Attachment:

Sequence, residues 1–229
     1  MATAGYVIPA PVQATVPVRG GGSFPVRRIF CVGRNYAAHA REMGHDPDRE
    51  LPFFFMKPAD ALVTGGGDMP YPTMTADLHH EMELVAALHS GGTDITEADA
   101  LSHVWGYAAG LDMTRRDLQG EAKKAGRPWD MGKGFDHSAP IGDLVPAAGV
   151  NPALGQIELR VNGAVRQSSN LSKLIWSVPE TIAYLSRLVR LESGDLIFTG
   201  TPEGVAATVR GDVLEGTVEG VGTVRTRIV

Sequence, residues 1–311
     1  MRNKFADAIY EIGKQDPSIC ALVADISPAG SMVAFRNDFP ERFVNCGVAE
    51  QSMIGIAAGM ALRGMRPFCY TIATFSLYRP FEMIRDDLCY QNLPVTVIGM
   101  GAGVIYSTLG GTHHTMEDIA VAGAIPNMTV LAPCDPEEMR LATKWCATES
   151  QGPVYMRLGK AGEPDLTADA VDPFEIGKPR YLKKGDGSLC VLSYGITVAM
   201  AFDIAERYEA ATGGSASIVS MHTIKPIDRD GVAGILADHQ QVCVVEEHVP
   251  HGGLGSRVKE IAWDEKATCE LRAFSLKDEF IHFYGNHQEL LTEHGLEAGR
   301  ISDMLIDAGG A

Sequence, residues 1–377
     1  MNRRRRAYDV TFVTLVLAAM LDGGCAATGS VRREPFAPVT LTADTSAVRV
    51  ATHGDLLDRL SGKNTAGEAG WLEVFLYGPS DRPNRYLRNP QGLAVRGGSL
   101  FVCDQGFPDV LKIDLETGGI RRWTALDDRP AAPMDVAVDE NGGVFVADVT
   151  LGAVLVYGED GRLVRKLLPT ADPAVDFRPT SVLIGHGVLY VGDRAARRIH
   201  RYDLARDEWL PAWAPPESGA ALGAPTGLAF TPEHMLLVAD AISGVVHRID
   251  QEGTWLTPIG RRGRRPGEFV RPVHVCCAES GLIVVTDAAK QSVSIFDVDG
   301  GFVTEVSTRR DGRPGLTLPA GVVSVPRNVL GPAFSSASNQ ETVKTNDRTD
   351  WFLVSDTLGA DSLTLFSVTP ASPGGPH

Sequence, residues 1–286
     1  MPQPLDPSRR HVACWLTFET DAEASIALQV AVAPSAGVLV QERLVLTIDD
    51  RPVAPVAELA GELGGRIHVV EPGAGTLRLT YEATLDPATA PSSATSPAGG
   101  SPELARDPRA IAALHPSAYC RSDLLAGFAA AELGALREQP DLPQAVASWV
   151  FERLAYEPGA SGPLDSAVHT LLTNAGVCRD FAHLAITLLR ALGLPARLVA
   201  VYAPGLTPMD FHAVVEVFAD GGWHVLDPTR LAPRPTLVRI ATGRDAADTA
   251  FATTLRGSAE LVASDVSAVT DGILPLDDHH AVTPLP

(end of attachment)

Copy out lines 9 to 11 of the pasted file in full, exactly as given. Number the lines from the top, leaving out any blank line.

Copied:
    51  QSMIGIAAGM ALRGMRPFCY TIATFSLYRP FEMIRDDLCY QNLPVTVIGM
   101  GAGVIYSTLG GTHHTMEDIA VAGAIPNMTV LAPCDPEEMR LATKWCATES
   151  QGPVYMRLGK AGEPDLTADA VDPFEIGKPR YLKKGDGSLC VLSYGITVAM